College Athletes Wanting Their Share of the Wealth (and a lot of name dropping of Cael Sanderson).

Recently (as of yesterday) the National Labor Relations Board ruled in favor of Northwestern University football players forming a union. This is something that will excite advocates of athletes being paid what their worth and anger those who feel it will drastically change the landscape of college athletics and benefit only a small percentage (football and basketball players) while doing nothing or potentially harming the mass majority of non-revenue drawing athletic competitions (archery, swimming, wrestling, etc.) This ruling has to be viewed at in a realistic manner though. Right now it accomplishes very little. This is going to be a long process and while I’m an advocate of players being paid I am not sure why they feel the only way to accomplish this is to empower something as exploitive and corruptible as a union. If presidents were exploiting them, at least they weren’t extorting money from them for protection. In the real world that’s called Racketeering, but when Unions do it it’s called “workers right’s” but that’s an article unto itself. To avoid ranting about unions abuse of power I’m going to explore what this ruling means in the short-term and the possible effects on college athletes, athletic departments and competition.

If this ruling holds and it spreads to public schools, Universities will now be forced to deal with medical issues properly and give proper coverage for injuries and recovery. That will probably happen before all the money and payment issues are worked out. This is something that’s not discussed as often but is an important component. In fact, outgoing NU QB and public face of the movement has said himself the number one issue is getting proper medical coverage. This is a no brainer, but it was already set in motion before this ruling. The NCAA is distantly behind the NFL  in concussion testing and treatment. This could get very expensive for Universities though. Quality training and medical staffs are not cheap and while places like USC or Notre Dame can probably afford world class training staffs the Fresno and Boise State’s of the NCAA are left to public funding and small endowments to spread throughout their academics, sports, and benefits to students. Which brings us to monetary consideration which would only pile the cost even more on universities.

This is a problem that effects a small percentage of college athletes. Most student-athletes are not future professional stars (or even bench warmers) and aren’t “exploited” by the Universities and EA Sports and Marketing companies etc… They are given a chance to compete and play the sport they love while learning a skill or obtaining a degree they can use once they’re in the professional world not playing sports for a living (or non-living). They get to do something that most of American kids can’t afford to do because they’re athletically gifted and don’t end up tens of thousands of dollars in debt to do it. These are the scholarship athletes. There are non-schalorship athletes but  I’ve explained they’re not exactly being exploited for money in most cases. This is really a football and basketball problem. Two sports which see mass TV coverage and are marketed by companies far and wide without offering compensation to the players. Cael Sanderson was 159-0 in wrestling and arguably the most dominant college athlete in history. You don’t know who Cael Sanderson is? You wouldn’t be alone. Video Games didn’t use his likeness, TV stations didn’t make huge amounts of money off of his wrestling matches through TV deals and marketing, The Big 12 (He went to Iowa State) doesn’t get billions of dollars off of college wrestling TV deals. There’s no BCS to pay Iowa State millions just for making it to the postseason in wrestling.  He competed and dominated his sport, was not able to capitalize on it monetarily, earned his degree and now has a gold medal and has coached Penn State to four straight National Titles. That’s four individual national titles, a gold medal, and four team titles as a coach. He just wins. A lot. Would it be so hard for the NCAA to let guys like this market their success while in school? We’ll get to that later, but beyond that question he’s not exactly the type of college athlete that is most effected when it comes to improper use of his likeness.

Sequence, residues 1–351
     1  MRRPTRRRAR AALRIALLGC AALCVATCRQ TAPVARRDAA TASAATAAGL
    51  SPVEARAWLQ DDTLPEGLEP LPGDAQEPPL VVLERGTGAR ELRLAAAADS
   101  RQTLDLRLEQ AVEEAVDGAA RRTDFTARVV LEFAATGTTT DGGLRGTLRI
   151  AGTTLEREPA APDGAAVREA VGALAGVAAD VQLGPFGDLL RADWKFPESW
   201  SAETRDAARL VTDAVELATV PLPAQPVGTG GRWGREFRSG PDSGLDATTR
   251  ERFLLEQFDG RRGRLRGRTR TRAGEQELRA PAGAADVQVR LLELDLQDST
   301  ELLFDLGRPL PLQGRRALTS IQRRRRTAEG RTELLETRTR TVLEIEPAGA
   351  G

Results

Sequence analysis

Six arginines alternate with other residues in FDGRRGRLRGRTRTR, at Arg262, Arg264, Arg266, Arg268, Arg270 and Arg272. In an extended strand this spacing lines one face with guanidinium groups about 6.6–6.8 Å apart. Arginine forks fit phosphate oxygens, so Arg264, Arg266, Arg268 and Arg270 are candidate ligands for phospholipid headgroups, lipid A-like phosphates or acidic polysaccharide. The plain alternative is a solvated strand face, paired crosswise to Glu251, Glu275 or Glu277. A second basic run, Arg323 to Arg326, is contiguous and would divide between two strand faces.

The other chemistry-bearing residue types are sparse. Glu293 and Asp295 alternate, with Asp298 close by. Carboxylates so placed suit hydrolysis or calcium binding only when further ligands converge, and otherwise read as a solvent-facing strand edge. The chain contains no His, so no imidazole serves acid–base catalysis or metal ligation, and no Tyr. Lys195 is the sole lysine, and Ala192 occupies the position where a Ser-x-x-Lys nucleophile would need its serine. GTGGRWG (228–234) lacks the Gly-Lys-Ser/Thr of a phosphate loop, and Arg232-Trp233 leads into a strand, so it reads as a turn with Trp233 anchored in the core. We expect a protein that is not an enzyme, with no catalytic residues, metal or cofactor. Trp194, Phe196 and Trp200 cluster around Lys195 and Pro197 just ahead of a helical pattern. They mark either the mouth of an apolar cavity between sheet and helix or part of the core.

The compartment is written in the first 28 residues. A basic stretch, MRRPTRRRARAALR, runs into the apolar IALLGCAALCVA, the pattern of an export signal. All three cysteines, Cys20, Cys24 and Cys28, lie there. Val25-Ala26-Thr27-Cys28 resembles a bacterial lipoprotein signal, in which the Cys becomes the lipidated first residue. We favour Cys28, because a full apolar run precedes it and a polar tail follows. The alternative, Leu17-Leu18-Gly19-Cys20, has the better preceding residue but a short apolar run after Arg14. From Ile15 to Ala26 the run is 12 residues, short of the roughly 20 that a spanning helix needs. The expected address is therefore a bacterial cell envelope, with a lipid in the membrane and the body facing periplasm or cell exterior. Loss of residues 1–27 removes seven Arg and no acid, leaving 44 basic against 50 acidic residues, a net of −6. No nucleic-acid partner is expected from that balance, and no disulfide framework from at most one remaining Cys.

This whole movement started to gain traction when former UCLA Basketball superstar Ed O’Bannon saw his likeness on a college video game –after he was already graduated–and was not compensated for it properly by EA Sports. It then snowballed into a national conversation about college athletes likeness rights and being compensated for the use of their likeness or getting money for their autographs or apparel with their number on it and tv contracts and so on. Ohio State had stars selling memorabilia and Johnny Manziel was busted for selling his autograph. This is something, that to me, is separate from what unionizing athletes as “employees” (that distinction is important) accomplishes apart from merely hiring an organization to negotiate settlements/compensation for student-athletes or allowing them to cash-in on their fame but I’ll address that later in the article.